Everywhere You Need to Eat in NYC Right Now
For your next outing, these are the best new restaurants to put at the top of your list.
With over 27,000 restaurants in New York City to choose from, it’s time to narrow down a cool spot for your next outing.
In addition to classics like old-school joints, essential Brooklyn eateries, and places for omakase sushi or Italian food; there are always celebrated favorites like Gramercy Tavern, Momofuku Ssam Bar, Gage & Tollner, and the recently reopened Manhatta. And on top of that, exciting new restaurant debuts also continue to help maintain our city’s standing as one of the best dining destinations out there.
From Tribeca and Crown Heights to Williamsburg and Nolita, no matter your preferred ambiance, there’s an option for everyone on this list. Here are the 19 best new restaurants to eat at in NYC right now.
Growing up in north central Thailand within a restaurant family had chef Ohm Suansilphong immersed in kitchens from an early age. And after stints that include Nahm (Bangkok) before eventually co-founding the NoHo favorite, Fish Cheeks—where he’s currently still a partner—Suansilphong has now teamed up with his wife, Kiki Supap, for KRU: a new hotspot offering modern takes on old Thai recipes once designated for the country’s royal family. In a sleek and moody dining room, the incorporation of elements discovered in historical texts from the 19th century, in addition to an overall masterful command of Thai cuisine, make for an exciting meal here. Must-try dishes include the Cauliflower “PLA” with Crab Meat; “LON” Cured Pork Jowl; “Kaeng Pa” Beef Tongue; and Rice Omelette that’s especially great for balancing out any spice.
Industry veterans chef Andrew Quinn (Hibiscus in London) and wine expert Cedric Nicaise (Aureole) helped Eleven Madison Park achieve some of the world’s top food and wine accolades during their coinciding stints there. And the duo have now joined forces to open The Noortwyck, a New American restaurant with fine dining-level food—but with the comforts of a neighborhood gem to frequent regularly. The seasonal menu features ingredients from local purveyors, and breads, pastas, and butchery done in-house that can all be paired with over 250 wines curated by Nicaise, along with cocktails. Popular dishes include the Seeded Parker House roll; Fluke Crudo; Agnolotti with honeynut squash and sage brown butter; BBQ Duck Breast; and Beef Tenderloin.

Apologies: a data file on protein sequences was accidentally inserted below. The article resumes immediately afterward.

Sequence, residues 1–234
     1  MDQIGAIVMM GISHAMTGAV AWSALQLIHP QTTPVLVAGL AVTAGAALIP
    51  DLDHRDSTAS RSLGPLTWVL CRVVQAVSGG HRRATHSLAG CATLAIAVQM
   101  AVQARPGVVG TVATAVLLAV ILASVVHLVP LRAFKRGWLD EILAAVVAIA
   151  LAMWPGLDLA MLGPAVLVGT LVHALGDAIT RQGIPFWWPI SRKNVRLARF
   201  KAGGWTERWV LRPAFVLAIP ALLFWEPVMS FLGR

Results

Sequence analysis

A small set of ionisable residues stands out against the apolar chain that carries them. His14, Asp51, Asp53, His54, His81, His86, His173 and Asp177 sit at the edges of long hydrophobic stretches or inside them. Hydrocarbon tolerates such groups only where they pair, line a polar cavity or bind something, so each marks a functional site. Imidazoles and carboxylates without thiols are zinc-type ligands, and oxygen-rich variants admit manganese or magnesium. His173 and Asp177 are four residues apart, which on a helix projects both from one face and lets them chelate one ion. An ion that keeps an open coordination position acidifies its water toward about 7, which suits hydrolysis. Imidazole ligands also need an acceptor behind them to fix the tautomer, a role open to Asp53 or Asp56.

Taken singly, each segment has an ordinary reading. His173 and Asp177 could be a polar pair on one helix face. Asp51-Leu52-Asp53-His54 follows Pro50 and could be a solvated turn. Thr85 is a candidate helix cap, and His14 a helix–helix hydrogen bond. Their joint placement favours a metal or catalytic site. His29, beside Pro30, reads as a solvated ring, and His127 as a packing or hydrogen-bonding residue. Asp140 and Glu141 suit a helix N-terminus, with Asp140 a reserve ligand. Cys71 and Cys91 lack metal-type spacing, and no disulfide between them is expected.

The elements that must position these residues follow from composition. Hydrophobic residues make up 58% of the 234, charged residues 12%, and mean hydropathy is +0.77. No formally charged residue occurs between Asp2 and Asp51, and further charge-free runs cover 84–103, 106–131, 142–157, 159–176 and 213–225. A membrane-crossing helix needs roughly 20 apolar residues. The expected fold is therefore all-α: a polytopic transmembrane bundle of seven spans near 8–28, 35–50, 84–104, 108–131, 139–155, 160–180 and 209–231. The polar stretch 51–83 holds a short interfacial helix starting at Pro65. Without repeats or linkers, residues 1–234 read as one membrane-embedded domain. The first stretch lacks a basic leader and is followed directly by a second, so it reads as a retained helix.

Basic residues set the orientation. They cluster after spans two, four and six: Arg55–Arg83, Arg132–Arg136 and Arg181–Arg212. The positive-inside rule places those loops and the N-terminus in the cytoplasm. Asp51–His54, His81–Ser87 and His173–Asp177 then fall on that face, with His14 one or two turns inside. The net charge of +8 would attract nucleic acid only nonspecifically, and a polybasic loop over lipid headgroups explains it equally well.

Not only are you set for a fantastic dinner here, but your after-meal plans now include raucous karaoke just steps away from your table. At Chino Grande, partners Josh Ku (Win Son, Win Son Bakery), Erica Hall (Win Son), and Paul Cacici, (co-owner of Carmenta’s) offer Asian- and Latin American-inspired dishes at a chill neighborhood spot that transforms into a karaoke saloon after hours (and not the private room kind, but the together-in-the-dining-room sort). Menu highlights include the Scallop Ceviche; Beef Tartare & Chips: skewer options in Swordfish, Chicken Thigh, and Beef: Fried Chicken with coconut ranch: and whole Lobster Au Poivre. And be sure to order the Banana Miso Custard for dessert to you know, help warm those vocal chords.
At Wenwen, Eric Sze and Andy Chuang of the popular East Village spot, 886, bring their magic to Brooklyn with this sibling eatery serving homestyle Taiwanese comfort foods bold in both flavor and presentation. Named after Sze’s mom, Wenchi, and wife, Wenhui, the airy space also expands to a cozy backroom named “The Alley” that transports diners to the back streets of Taipei. Popular dishes include the Sacha Hot Honey Popcorn Chicken, Lo Ba Beng, and familiar faves like Fly’s Head. And you’ll want to go family-style with the four shareable entree options: Whole Striped Bass w/ Fish Paste; Pork Belly & Cuttlefish; You Fan with Nueske bacon and uni; and signature (and very limited) Whole BDSM Fried Chicken.
Breakfast by Salt’s Cure
The routine at this Los Angeles-born breakfast spot is simple: hop in line, order at the counter, find a seat, and then marvel at how amazing the signature Oatmeal Griddle Cakes are (sans syrup, and don’t even ask). Since making their NYC debut with a West Village flagship (heads up: a Carroll Gardens location is also coming soon), Breakfast by Salt’s Cure has become a local go-to for anyone free between 8 am–3 pm from Tuesdays to Sundays and hungry for griddle pancakes that are sweet, thin, and crispy edged and available in options like The OG, Banana Nut, Chocolate Chip, and more. From sandwiches and the Cheeseburger to combination Plates or their version of bacon (aka the Picnic Ham), the entirety of the concise menu is also excellent.